What’s the difference between petting our dogs and cats versus offering them pet massage? Northwest School of Animal Massage founder Lola Michelin joins the podcast to discuss hands-on skills for working with animals, training, and contraindications. We also dip into communication strategies with our four-legged friends, as well as safety protocols. We finish by talking about marketing these services and what to charge.
This episode sponsored by Anatomy Trains.
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01:00 Darren Buford: Welcome to The ABMP Podcast. My name is Darren Buford. I'm the Editor-in-Chief of Massage & Bodywork magazine, and Senior Director of Communications for ABMP. I'm joined by my co-host, Kristin Coverly, licensed massage therapist and Director of Professional Education for ABMP. Her goal is to connect with luminaries and experts in and around the massage, bodywork and wellness profession in order to talk about the topics, trends and techniques that affect our listeners' practices. Our guest today is Lola Michelin. Lola founded the Northwest School of Animal Massage in 2001. She has practiced animal massage for over 30 years and massage for people for 17 of those years. A graduate of the animal science program at Michigan State University, she has work experience in both the veterinarian and zoological fields. Hello, Lola.
01:48 Lola Michelin: Hello, thank you for having me. I'm very excited to be here today.
01:52 KC: Well, we are very excited to have you with us today. We have so many interesting questions we wanna ask you about animal massage. Let's dive right in. I think probably one of the most common questions you get, and I know animal, pet owners and also massage therapists have asked me about this so I'm sure you get it much more often, what's the difference between petting animals and therapeutic massage for animals?
02:16 LM: Yeah, it's a great question, and you're right, it's one I get all the time. And just let me start off by saying petting is a really important part of the pet ownership and pet relationships, and we strongly encourage our clients and our students to tell their clients, "This is a great tool that you can use and you still get many of the same benefits that you'll get from a massage when you're petting your pets." Massage is a sophisticated way of providing that touch, so it requires a much higher level of knowledge about the animal and also just the ability to determine the animal's needs. When you're petting your dog, it's as much about what it's providing you as it is what it's about for the pet. So the dog or cat really enjoys that attention, but you're also deriving a lot of pleasure from it, and sometimes that's even the main motivation. Whereas as an animal massage therapist, I'm taking into consideration everything the pet needs, I'm there for them. Whether it's a horse or a dog or a cat or a zoo animal, I'm providing massage in a way that's going to address their physical needs, their psychological needs. So we still strongly encourage the petting, but one of the ways I like to explain it to people is it's kind of like when you ask your boyfriend or your girlfriend for a massage and it feels great and it lasts about 45 seconds, and then you really wanna go get a massage. So that would be the difference to me.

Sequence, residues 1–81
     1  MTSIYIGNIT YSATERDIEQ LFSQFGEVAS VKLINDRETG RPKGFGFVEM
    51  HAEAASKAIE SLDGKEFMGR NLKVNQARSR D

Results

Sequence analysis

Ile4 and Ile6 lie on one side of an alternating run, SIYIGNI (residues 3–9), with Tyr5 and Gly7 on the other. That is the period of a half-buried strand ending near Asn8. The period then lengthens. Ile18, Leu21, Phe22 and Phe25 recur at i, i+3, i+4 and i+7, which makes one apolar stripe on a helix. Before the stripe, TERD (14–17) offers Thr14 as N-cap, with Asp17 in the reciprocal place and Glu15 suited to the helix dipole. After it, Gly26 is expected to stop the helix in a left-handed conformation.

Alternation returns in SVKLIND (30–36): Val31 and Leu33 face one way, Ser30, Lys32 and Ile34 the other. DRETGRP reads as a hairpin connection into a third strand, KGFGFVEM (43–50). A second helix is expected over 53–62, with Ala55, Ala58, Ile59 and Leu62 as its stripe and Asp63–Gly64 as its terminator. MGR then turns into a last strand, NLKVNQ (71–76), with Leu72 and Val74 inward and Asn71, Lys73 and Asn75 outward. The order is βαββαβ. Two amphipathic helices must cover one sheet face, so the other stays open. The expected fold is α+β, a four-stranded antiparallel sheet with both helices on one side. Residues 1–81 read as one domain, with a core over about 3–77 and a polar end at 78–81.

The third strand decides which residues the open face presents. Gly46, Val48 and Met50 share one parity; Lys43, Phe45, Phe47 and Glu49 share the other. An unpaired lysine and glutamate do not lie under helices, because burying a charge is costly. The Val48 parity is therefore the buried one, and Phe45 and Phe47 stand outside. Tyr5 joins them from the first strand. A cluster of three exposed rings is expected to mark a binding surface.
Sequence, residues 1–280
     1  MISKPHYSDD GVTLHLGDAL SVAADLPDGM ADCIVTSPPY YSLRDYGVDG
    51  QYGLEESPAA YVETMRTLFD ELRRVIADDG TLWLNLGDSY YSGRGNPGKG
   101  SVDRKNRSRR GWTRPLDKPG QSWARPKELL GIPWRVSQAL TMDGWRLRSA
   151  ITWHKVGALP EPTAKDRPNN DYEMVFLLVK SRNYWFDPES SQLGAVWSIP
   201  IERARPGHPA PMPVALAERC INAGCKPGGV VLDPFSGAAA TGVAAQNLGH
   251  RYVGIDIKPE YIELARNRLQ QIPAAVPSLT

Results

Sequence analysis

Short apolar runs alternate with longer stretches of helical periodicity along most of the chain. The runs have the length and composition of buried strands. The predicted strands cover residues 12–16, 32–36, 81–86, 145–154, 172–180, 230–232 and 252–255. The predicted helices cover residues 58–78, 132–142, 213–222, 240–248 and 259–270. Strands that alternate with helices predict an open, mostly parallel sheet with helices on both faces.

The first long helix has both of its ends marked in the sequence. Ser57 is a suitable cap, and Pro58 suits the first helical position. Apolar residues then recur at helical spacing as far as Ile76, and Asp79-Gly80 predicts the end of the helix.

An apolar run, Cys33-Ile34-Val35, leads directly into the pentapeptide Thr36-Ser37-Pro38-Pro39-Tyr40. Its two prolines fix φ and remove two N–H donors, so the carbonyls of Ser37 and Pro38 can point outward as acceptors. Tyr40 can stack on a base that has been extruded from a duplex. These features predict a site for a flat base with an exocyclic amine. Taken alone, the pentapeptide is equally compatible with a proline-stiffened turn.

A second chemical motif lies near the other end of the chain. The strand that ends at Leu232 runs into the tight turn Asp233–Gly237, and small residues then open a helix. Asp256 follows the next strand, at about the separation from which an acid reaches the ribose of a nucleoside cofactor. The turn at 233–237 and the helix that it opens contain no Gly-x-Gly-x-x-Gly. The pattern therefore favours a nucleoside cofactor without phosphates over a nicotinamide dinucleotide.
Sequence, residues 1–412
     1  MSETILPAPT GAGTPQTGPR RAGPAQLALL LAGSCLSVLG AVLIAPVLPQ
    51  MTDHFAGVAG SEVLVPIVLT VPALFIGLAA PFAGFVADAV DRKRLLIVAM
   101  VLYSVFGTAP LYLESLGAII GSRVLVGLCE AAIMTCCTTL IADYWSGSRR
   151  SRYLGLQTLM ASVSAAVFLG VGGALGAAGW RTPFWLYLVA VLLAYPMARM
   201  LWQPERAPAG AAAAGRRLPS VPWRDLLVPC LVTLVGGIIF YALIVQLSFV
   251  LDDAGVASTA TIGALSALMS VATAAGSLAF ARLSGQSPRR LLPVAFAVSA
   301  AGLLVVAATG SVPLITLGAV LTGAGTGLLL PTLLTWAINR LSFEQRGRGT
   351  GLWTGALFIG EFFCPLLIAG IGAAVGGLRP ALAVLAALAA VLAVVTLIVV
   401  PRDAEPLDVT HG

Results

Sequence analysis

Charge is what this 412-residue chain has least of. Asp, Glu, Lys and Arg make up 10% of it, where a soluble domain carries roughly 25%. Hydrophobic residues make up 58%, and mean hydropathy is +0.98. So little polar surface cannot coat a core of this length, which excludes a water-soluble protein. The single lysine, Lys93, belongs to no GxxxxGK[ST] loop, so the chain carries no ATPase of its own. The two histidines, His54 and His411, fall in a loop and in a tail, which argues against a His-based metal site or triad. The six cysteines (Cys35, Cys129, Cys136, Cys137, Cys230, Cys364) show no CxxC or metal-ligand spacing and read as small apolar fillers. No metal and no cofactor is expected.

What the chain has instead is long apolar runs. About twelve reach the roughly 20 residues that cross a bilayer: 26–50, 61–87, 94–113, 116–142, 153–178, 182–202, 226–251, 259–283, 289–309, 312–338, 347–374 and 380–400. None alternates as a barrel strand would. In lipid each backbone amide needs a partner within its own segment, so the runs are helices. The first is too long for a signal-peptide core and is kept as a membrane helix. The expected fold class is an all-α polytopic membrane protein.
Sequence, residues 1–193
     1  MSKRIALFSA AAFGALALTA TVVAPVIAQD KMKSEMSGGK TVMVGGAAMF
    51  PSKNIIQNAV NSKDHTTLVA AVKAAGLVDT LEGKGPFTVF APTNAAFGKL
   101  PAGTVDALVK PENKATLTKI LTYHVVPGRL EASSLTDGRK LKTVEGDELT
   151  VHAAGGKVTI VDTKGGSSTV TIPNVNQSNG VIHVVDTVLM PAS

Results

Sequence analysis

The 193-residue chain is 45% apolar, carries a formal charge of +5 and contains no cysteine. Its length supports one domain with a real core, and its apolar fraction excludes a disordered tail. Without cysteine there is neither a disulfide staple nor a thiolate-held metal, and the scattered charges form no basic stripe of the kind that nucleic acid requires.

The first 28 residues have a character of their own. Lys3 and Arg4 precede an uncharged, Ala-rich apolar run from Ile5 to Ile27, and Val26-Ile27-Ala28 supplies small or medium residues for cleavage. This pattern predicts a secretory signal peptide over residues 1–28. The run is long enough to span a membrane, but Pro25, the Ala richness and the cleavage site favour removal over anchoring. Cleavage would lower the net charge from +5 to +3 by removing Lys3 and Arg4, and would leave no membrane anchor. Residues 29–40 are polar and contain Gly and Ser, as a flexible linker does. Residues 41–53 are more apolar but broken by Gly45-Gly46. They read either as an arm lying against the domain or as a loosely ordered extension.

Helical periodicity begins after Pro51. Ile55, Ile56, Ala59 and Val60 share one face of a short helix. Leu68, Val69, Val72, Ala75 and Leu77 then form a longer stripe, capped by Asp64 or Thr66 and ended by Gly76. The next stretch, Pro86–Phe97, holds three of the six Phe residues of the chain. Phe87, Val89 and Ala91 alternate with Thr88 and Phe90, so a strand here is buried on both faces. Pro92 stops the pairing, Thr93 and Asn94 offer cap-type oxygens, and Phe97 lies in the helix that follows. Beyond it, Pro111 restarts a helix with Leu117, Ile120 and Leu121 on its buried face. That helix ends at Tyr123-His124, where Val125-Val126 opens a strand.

03:43 KC: That's the perfect analogy.
03:47 LM: We all know that one.
03:49 DB: "That just wasn't enough."
03:51 LM: Right. "Now I know I need a massage."
03:55 DB: So Lola, can you tell me specifically for practitioners, our listeners out there, if they're trained as MTs, do their qualifications and skill sets transfer to animal massage or no?
04:07 LM: Well, I would say no, but it certainly helps. Our student body is roughly divided into three groups. We have massage therapists who come for the animal massage training, we have veterinarians and veterinarian technicians that come to train in animal massage, and then we have pet owners or pet enthusiasts, horse owners who have no background in either massage or veterinary care and they're coming to it fresh. And really, they're all learning an important skill set, so while having familiarity with massage techniques is gonna give you some helpful background, it's not gonna replace the training specific to the animal.
04:48 LM: There's many different subjects that we cover that are very different from how we approach our human clients. I'm a human massage therapist as well, and it's just a very different arena. The behavior of the animal is different, we have to study animal behavior. It's species-specific, so whatever species you're working on, you need to know about their social structure, their social needs, how they develop behavior and their intellect. There's also a lot of pathology that's different. Cats don't get torticollis, but they do get ringworm. So there's things we have to be aware of in terms of their disease processes and how we can address that.